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Cafetalk Tutor's Column

Tutor Zach McLaughlin 's Column

Getting more out of your language lessons

Montag, 12. April 2021, 23:52

1. Before the lesson

Feel free to send a message to your tutor even before booking a lesson if you have a question about their lessons. If it’s just one or two quick questions, most tutors will be happy to give you a little more information. 

Come prepared for counseling lessons. Have an idea about what/how you want to study or what your goals are, tell the tutor about them, and feel free to ask lots of questions. Take a look at the tutor’s lessons before the counseling lesson and think about which one(s) might be good for you. You can ask about the tutor’s materials or style of teaching. You can ask whether the tutor provides feedback. You can share your areas of difficulty and ask for advice. The more information you give, the more information your tutor can give!

2. During the lesson

Tell the tutor what your goals and interests are and what you want to focus on. For example, you could tell your tutor that you think your vocabulary is too formal and you want to learn more casual words and phrases. Then your tutor can focus on your vocabulary and suggest synonyms (words with similar meanings), phrasal verbs, or other useful casual vocabulary. Let your tutor know if you are open to a little homework or self-study. In that case, your tutor could recommend some follow-up practice that will help you to prepare for the next lesson. 

Let your tutor know if you want feedback and correction during the lesson or after the lesson. Receiving a lot of corrections during the lesson can help with accuracy (you immediately become aware of mistakes and how to fix them), but it can also interrupt the ‘flow’ of your speaking in conversation lessons. If your focus is fluency (expressing your ideas freely and spontaneously), it might be better to focus on the conversation and receive feedback after the lesson.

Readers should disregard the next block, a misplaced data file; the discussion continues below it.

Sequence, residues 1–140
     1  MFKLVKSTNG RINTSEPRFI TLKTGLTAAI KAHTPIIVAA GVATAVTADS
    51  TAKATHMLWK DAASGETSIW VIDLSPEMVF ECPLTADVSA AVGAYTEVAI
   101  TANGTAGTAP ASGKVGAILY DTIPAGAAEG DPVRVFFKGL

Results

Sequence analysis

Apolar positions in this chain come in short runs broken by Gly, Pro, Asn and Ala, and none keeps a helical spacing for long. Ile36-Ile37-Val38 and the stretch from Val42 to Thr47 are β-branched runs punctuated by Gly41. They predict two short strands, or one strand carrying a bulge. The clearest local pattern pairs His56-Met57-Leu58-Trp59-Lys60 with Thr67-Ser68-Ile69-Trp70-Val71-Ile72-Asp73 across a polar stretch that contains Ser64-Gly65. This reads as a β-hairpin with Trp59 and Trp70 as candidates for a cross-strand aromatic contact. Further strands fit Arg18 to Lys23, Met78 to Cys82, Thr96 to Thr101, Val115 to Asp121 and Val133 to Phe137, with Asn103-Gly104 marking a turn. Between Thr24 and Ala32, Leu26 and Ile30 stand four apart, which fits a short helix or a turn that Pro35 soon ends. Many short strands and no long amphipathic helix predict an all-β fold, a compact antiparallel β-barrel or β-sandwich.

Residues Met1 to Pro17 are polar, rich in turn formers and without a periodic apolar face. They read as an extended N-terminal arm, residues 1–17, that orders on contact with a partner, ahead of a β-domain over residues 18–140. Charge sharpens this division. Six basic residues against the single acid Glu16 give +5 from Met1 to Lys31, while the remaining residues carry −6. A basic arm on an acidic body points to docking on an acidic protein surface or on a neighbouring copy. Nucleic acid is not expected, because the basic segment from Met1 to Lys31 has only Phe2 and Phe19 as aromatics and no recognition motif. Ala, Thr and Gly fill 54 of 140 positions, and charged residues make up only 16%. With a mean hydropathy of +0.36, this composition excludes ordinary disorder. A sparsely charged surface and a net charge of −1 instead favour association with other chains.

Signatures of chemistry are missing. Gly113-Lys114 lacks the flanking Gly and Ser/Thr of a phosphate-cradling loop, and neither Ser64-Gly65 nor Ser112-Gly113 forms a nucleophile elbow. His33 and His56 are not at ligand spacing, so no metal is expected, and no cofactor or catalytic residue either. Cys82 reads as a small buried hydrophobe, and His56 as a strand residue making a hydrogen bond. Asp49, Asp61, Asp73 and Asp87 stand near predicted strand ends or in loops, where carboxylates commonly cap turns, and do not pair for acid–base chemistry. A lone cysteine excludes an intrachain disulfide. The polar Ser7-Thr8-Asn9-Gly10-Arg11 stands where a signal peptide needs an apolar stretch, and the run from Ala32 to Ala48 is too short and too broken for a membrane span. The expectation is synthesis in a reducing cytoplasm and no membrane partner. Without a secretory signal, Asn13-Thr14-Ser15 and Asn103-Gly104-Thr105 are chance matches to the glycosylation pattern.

Be curious and ask questions! Ask LOTS of questions! Anytime you’re unsure, can’t remember something, don’t understand something, or need more examples, don’t be afraid to just stop and ask a question. Make sure that you understand the lesson and make sure that you’re getting the information that you need. Even during a conversation lesson, feel free to ask lots of questions like ‘How do you say…?’, “How do you spell…?’, ‘How do you pronounce…?’, ‘What do you call…?’, and ‘What’s the difference between… and…?’ Asking questions will give your tutor more ideas about how to help you and you will ‘unlock’ more information!

Try to describe things that you don’t know. Don’t spend a long time trying to think of a specific word. Use other words to describe it. This is a useful strategy for all people because even in our own language there are words that we don’t know or can’t remember. Describing it might help you to remember or help your tutor to guess the word. Descriptive adjectives and relative clauses are very useful for describing things you don’t know. For example, if you don’t know the word ‘eggplant’, you can say ‘the soft purple vegetable’ or ‘the vegetable that’s soft and purple’. 

3. After the lesson

Follow up in messages or on Skype. Most students don’t want to bother their tutors and many tutors don’t have time for long conversations, but a little follow-up small talk about something you discussed in a lesson or about a common interest is usually fine. Many tutors enjoy learning new things from their students or talking about their common interests, and this can be an opportunity for you to practice a little more and develop your relationship. After a lesson recently, one of my students sent me a message to explain 仏壇 and I really appreciated her effort to explain it in English.

Well, that was a lot of information! If you read everything, congratulations and thank you! I hope this will help you to get more out of your language lessons!


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